About the Artist
Biography and Professional Activity
James L. Lawton
Professor Lawton is the Co-Coordinator of the Sculpture Discipline at Michigan State University. In addition to teaching, serving in administration and exhibiting his work over the years he has always demonstrated a dynamic vision and passion for advancing the arts at MSU. He served as a curator and founded “The Kresge Art Store” on campus early in his career there, developed the first student gallery, and in recent years received two University grants to establish and direct the first Fringe Festival in 2005, followed by Art on the Edge and Beyond: MSU’s Fringe Events 2006-2007-- a series of live performances and lectures showcasing the diverse, interdisciplinary and multi-media arts of the global 21st century.
Professor Lawton’s research, international travels (to major contemporary exhibitions in Germany, France and Italy) and teaching informs his art and his interests in the changing role of art in the new millennium.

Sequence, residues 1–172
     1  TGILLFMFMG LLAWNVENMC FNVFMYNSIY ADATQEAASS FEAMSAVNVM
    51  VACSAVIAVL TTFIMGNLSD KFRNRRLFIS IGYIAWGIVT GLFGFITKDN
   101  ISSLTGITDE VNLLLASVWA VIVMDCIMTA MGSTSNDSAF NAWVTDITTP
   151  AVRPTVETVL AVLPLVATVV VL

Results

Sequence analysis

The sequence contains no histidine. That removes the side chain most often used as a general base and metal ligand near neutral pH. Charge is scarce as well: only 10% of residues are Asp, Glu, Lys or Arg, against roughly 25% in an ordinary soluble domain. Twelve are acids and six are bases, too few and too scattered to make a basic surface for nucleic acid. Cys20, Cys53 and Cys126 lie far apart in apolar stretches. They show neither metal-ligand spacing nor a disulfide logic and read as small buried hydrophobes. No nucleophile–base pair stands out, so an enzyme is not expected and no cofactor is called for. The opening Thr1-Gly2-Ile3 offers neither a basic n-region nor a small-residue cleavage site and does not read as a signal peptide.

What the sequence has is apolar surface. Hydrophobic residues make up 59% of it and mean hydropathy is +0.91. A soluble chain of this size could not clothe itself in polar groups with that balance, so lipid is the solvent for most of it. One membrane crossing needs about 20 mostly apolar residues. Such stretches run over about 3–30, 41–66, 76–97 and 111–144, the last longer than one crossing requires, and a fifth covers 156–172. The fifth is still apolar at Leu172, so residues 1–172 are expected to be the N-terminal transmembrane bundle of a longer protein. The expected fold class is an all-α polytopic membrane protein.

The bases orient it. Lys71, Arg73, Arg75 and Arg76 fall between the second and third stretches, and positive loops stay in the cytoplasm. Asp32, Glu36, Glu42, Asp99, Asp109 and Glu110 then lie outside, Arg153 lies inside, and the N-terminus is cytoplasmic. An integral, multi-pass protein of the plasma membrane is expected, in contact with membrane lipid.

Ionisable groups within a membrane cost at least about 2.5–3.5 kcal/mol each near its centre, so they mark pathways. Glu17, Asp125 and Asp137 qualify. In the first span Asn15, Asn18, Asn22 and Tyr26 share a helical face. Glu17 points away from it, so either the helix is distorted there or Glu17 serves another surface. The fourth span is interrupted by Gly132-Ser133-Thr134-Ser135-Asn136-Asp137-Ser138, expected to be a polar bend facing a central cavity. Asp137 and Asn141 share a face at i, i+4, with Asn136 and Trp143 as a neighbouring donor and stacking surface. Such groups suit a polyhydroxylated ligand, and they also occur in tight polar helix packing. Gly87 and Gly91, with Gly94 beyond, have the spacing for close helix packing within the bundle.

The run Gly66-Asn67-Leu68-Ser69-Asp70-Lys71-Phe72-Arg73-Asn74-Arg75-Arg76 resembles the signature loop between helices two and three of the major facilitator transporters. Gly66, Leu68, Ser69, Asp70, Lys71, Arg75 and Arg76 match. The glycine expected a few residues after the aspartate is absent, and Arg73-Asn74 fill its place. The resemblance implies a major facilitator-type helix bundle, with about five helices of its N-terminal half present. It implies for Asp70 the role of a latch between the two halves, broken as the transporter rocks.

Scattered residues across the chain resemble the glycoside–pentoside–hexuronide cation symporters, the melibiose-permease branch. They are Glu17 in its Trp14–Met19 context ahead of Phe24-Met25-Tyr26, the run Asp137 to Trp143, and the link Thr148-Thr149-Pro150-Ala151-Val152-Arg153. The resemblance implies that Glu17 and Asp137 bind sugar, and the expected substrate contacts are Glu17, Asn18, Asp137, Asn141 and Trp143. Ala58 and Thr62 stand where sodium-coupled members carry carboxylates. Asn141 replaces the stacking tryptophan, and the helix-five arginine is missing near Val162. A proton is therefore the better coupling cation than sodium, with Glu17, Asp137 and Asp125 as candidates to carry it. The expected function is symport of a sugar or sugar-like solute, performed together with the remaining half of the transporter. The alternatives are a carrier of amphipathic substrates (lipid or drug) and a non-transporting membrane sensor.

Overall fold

Over the years, Professor Lawton has served as a producer, curator, juror, visiting artist and has had solo and group, national and international, art exhibitions. He has been recognized in such publications as: The Sculpture Reference, Contemporary Techniques, Tools, Materials and Sculpture; Art in Detroit Public Places; Who's Who in American Art; American Artists in the Midwest; New York Art Review; Chicago Art Review; American Artist; The Centennial Review, Aesthetics and Ideology. His works are both in private and public collections: in the Asian American Art Centre of New York; outdoor sculpture in Detroit, Michigan; Western Michigan University, Kalamazoo, Michigan; Mason and Williamston Public Schools and City of Hartland (all three in Michigan) and in the Kresge Art Museum, Michigan State University, East Lansing.
My artwork reflects my interest in political and social issues. Somewhat veiled, I create work to evoke meaning through the use of salvaged artifacts, other found materials and photographic images printed on acrylic, Mylar sheets, or etched in glass and sometimes making use of projected imagery. Visitors to my installations are participants who find fragments of times past as they search to understand a sometimes lingering history while moving forward into the future. The art experience entails remembering or contemplating these images and artifacts while passing around and through the space. This movement creates a new visual environment by casting shadows and shapes of ghost-like figurative imagery. The viewer participates by sensing and experiencing these forms and imagery along with their own associations and memories.
Selected images of my work can be found on the following website: http://www.jamesllawton.com
- http://news.msu.edu/story/8817/& multi_media=2